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Stretching and strengthening are two sides of the same coin. When we practice or move through life with conscious awareness, we begin to notice when there’s an imbalance. Knowing what to do about it is super important. Thanks for the post!


Thank you Tia. Great post, which is right to the point. Finding the line of what is a good stretch to what is to far is a balancing act I find. Usually the flexible people like to stretch and the less flexible don’t. YTU provides the right thing for everyone. For the less flexible I find the YTU balls are perfect because they can access a muscle/area by rolling it first (making it softer and flushed with blood) before stretching it. For the flexible people I find the strengthening poses of YTU great. The help to stabilise and build up… Read more »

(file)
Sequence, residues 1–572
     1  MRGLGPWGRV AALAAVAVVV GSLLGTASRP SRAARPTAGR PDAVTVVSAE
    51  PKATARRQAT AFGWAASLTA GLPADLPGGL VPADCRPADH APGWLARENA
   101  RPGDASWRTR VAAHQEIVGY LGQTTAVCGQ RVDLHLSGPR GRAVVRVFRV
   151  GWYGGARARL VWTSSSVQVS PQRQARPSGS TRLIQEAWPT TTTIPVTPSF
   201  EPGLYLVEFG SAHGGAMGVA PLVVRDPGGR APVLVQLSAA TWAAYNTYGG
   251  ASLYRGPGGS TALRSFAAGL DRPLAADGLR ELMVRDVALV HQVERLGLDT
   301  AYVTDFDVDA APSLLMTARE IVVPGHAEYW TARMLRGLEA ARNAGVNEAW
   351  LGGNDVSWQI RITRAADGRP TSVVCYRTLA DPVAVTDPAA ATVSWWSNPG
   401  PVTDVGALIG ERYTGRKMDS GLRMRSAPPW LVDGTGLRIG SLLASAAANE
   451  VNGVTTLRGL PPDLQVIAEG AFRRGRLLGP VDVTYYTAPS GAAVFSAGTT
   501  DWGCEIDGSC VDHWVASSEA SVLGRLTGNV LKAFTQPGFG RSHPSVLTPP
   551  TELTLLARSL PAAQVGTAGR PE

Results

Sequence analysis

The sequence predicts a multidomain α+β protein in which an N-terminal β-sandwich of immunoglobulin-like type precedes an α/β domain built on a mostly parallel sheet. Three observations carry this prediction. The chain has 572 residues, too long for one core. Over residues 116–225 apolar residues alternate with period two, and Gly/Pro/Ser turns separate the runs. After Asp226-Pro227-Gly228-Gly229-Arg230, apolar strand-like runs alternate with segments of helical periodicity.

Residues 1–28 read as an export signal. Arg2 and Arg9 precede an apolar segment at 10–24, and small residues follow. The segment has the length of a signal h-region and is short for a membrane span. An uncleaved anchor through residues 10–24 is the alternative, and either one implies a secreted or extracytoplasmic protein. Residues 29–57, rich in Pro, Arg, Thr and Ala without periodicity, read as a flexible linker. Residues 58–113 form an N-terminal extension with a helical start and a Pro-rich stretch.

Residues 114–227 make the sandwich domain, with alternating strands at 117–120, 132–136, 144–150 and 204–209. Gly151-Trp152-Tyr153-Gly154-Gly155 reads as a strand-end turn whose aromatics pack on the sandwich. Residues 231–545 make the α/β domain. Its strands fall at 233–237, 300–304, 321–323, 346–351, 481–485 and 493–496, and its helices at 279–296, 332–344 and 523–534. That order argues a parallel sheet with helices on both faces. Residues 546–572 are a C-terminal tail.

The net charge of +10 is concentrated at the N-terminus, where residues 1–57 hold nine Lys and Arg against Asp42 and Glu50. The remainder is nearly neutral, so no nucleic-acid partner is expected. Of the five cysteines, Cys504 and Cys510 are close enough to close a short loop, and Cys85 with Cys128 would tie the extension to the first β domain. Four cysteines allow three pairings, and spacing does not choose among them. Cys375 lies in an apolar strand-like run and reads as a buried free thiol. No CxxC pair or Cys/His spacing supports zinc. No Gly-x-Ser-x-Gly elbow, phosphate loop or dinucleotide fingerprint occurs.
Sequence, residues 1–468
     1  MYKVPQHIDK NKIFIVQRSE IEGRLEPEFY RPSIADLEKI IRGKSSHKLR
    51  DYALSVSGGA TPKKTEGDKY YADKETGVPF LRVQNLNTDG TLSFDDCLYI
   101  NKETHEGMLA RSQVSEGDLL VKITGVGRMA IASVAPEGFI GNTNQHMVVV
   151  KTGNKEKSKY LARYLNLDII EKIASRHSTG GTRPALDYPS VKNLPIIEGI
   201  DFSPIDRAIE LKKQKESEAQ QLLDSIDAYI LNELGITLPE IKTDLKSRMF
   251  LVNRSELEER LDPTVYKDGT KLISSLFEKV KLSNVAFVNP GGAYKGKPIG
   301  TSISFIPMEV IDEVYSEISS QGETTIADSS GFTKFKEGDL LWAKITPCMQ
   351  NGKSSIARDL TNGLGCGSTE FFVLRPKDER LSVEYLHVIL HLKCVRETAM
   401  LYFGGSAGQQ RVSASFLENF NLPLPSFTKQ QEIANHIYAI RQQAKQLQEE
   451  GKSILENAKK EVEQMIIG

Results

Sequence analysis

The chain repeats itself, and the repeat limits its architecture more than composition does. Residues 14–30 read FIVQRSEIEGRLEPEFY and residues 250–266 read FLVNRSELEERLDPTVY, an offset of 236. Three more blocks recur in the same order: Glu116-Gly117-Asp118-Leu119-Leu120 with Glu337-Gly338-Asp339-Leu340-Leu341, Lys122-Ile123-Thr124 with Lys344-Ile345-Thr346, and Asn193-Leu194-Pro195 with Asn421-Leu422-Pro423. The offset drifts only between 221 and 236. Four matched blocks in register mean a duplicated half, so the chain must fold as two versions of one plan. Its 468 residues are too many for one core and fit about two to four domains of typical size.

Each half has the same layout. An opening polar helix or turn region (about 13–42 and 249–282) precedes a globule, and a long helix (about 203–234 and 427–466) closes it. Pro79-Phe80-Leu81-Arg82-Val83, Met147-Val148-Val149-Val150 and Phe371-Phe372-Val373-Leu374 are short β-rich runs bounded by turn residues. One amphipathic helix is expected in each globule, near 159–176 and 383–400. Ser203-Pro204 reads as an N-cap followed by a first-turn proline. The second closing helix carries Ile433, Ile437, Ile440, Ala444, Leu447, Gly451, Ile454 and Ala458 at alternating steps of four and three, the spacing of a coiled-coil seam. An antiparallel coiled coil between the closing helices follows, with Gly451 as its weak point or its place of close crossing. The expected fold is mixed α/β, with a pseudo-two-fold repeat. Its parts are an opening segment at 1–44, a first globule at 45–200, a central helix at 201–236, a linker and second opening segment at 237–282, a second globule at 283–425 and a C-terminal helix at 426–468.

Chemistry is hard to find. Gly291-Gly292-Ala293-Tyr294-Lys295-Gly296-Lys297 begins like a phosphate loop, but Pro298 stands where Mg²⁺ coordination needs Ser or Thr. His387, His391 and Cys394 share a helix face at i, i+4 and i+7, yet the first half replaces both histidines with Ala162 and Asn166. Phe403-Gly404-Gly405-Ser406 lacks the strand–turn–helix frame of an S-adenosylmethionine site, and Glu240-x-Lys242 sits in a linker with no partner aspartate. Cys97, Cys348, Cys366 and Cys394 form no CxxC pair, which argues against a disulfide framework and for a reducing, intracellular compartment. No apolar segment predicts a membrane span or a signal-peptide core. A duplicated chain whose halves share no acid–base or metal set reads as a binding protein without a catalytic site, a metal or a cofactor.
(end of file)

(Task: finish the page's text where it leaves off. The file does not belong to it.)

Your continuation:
Such a great point: YTU helps us understand that our bodies are a combination pack of tight and loose, short and stretched, healthy and stagnant tissues. And it’s never just one of those things, and none of the others. It’s so important to recognize that imbalance is generally “imperfections” on both sides of the body, and generally, the opposite of whatever is causing the recognized issue we’re trying so hard to fix by stretching more, or lifting more, or moving more on the one side. YTU brings an absolutely crucial awareness to the reality that strength and flexibility are equally… Read more »

Nicole Garratt

This is a really great explanation for determining stretch limits. Sometimes it’s hard to find the line in which a stretch goes from good to shouldn’t have gone there! This also helps to break down the idea of finding strength in other needed places to help soothe the areas we think need stretch. Creating balance!!

Emily Pantalone